By Rabbi Yehoshua Berman
Kesubos 7 – Count Your Blessings However They Come
Birchas chassanim is an exciting topic. Better known to us as the brachos under the chuppah and throughout the week of sheva brachos, who doesn’t get a certain thrill when learning this sugyah? Whether a bachur who is imagining the day when he’ll have his own sheva brachos, the young (or relatively young) married man who still fondly recalls his own, or an older parent who is or will soon be going through the stage of the birchas chassanim of his own children, almost everyone has good reason to feel a surge of excitement when coming across this topic.
There is a certain unique enjoyment in looking into all the various questions dealt with by the Poskim regarding this sugyah of birchas chassanim. One day versus seven days. What exactly constitutes panim chadashos. Two kosos or one. And, of course, how could we forget about the birchas eirusin? Nowadays we know this as the bracha which is assigned to the chashuveh Rav who is given the honor of mesader kidushin.
With all the fun and hype, though, this parsha is not always perfectly smooth and rosy for everyone. Not everyone gets to have their first pick at great Rav or Rosh Yeshiva who will be mesader kidushin or the respectable uncles or grandparents who will recite brachos under the chuppah.
Tosafos quotes Maseches Kallah that provides the source for birchas eirusin, “and they blessed Rivkah.” If you put two and two together, what that means is that Rivkah’s “mesader kidushin” was none other than Lavan (Besuel was dead according to the Medrash that says he wanted to poison Eliezer and the Malach switched the food). Lavan was also the “big man on campus” when it came to the next big chasunah of Yaakov and Leah, and Rachel as well. Perhaps Yaakov somehow managed to arrange a better mesader kidushin, but one thing is clear, Lavan clearly featured prominently as the baal simcha.
Amazingly (and I say this only half-way tongue-in-cheek), we don’t find that this disreputable and ignominious family representation caused any dampening of their simcha. Yitzchak, Rivkah, Yaakov, Rachel, and Leah, although they all did have certain issues they needed to deal with relating to their marriages, we don’t find that one of them was the lack of an honorable mesader kidushin or respectables for all the brachos under the chupah and throughout sheva brachos.
Perhaps you’ll reason that this was so because they did not perceive the brachos as being all that important in the grand scheme of things. That’s a hard one to posit, though, considering the fact that Chazal made the permissibility of husband and wife to one another contingent on the recitation of these brachos. Kallah b’lo bracha asurah l’baalah k’nidah. Apparently, these brachos do in fact carry great significance.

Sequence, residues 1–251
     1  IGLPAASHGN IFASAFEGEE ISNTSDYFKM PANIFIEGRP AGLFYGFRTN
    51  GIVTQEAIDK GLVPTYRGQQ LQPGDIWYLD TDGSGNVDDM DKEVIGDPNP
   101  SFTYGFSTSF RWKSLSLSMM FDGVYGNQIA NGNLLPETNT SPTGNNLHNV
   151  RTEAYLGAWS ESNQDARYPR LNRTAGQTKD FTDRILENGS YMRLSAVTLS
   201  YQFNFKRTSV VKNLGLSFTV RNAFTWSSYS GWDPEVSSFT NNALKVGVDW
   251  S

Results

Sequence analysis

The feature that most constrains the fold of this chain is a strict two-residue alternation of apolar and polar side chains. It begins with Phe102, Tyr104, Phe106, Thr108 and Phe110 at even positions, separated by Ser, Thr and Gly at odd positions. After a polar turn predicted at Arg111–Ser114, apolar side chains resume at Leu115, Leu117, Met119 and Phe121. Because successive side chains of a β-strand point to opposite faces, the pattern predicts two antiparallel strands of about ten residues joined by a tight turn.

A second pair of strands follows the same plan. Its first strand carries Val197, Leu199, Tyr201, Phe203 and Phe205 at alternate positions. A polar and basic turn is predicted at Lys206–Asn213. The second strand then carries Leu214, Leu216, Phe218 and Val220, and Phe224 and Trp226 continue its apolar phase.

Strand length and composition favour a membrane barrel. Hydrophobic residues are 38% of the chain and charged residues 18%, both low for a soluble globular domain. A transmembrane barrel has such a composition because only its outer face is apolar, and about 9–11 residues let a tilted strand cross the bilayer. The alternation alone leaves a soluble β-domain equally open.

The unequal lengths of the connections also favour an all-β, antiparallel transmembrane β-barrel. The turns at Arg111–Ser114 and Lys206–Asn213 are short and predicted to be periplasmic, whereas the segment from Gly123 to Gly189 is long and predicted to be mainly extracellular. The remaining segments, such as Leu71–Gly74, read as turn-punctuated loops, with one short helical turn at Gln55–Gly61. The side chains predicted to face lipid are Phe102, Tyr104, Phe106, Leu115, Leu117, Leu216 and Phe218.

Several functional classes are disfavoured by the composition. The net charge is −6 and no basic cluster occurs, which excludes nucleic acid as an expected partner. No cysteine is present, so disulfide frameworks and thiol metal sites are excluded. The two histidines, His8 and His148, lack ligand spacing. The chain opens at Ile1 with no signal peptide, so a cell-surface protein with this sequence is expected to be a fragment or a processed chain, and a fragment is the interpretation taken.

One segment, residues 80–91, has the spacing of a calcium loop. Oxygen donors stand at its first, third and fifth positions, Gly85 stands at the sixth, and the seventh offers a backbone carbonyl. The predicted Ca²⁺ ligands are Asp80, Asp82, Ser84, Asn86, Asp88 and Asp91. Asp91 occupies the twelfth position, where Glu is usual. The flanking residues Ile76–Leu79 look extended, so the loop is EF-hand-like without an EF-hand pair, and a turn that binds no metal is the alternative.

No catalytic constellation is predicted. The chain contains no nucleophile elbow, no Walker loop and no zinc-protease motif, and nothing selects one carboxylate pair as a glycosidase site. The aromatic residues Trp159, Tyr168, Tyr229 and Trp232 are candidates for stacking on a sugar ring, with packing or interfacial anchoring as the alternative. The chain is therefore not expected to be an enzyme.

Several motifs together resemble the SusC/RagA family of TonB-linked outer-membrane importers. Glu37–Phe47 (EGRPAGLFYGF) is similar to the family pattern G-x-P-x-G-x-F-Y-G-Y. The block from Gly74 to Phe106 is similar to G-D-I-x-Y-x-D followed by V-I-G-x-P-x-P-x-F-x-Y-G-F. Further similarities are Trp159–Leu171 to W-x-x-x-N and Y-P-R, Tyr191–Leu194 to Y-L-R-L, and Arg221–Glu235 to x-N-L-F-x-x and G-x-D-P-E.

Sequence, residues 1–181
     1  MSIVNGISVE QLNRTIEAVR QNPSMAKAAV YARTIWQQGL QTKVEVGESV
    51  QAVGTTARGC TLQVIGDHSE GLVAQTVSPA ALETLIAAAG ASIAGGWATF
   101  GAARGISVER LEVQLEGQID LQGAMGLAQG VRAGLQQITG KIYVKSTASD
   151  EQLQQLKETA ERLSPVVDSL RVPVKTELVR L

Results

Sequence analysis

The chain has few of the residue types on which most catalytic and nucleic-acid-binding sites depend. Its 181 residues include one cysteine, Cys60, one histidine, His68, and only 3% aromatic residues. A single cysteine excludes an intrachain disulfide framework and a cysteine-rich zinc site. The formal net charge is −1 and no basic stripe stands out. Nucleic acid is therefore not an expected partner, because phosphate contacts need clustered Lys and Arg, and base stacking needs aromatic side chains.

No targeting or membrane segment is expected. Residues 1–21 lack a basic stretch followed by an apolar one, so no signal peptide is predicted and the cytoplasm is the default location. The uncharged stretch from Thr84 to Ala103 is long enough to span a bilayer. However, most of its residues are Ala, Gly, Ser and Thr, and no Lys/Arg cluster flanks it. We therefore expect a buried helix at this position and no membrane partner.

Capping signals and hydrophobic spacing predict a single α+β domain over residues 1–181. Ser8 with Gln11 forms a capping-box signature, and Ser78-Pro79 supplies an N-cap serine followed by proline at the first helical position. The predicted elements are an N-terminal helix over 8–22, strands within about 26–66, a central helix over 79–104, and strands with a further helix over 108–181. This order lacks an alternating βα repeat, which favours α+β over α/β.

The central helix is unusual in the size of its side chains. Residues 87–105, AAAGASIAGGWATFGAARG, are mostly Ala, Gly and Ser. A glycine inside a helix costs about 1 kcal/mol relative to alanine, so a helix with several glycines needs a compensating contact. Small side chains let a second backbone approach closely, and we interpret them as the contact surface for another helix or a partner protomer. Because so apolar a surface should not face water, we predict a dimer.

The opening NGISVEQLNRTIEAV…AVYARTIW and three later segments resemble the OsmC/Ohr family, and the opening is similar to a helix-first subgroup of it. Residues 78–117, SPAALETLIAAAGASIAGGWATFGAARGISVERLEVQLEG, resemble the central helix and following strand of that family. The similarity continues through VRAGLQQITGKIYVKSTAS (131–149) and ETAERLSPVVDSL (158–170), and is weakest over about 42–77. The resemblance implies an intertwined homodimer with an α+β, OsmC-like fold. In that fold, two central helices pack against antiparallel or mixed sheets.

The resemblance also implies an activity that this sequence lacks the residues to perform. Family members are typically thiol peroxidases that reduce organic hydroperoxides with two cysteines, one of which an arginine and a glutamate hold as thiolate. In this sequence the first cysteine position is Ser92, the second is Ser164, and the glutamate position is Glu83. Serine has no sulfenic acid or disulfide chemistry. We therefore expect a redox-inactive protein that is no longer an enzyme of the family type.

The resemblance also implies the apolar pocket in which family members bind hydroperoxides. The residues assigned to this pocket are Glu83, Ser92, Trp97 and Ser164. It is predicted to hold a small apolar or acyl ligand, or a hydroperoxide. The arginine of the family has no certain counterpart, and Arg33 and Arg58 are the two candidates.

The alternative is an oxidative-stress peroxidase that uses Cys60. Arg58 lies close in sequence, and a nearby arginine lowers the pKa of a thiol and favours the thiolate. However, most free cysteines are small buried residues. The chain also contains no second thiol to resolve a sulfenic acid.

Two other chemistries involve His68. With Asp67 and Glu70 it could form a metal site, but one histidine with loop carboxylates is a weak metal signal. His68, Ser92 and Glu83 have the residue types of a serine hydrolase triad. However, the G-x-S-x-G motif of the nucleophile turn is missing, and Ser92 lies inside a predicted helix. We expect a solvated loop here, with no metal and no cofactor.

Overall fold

What this would necessarily bring us to conclude, then, is that if Hashem arranged that the conduit of these brachos would be a Lavan, then that is how those brachos were meant to get to them. That is not something we can readily understand. How someone as wicked and awful as Lavan could serve as the channel to bring so much bracha to the Avos and Imahos, and by extension all of Klal Yisrael, is definitely not within the immediate realm of our conception; but, the fact is that this is what the Hashgacha arranged. And if there is anything that could be said about the Avos and Imahos it is that they lived their lives with a keen sense of Hashgacha. That, it would seem, is the key to why a mesader kidushin such as Lavan would not phase them.
In just about every facet of life, we have our designs and expectations in mind about how things should be. If that is true in the rest of life, how much more so when it comes to a chasunah where most people want everything to be just so. It can be a bitter pill to swallow to have things not turn out the way we want, particularly when it comes to a wedding which we fervently hope will be a once-in-a-lifetime event. We have definite ideas in our minds about who we want to serve as mesader kidushin, who we would like to have saying the brachos under the chupah, and so on and so forth. Keeping in mind, though, that, ultimately, we are not the ones who know best how bracha will come to us, can be key to ensuring that our simcha won’t be marred when the inevitable surprises and disappointments arise here and there. When we remember that it is the unfathomable wisdom of Ha’Kadosh Baruch Hu that determines precisely which conduit will bring us our bracha, we can joyously accept our brachos in whatever form they come.
Rabbi Yehoshua Berman serves as the Rosh Kollel of Kollel Reshet HaDaf in Ramat Beit Shemesh, Israel. In addition to having authored Reflections on the Parsha, Rabbi Berman regularly delivers shiurim on Halacha and Hashkafa, writes comprehensive chazara questions (in Hebrew) for the advanced Daf Yomi learner, and weekly words of inspiration from the Parsha. Rabbi Berman can be contacted at firstname.lastname@example.org.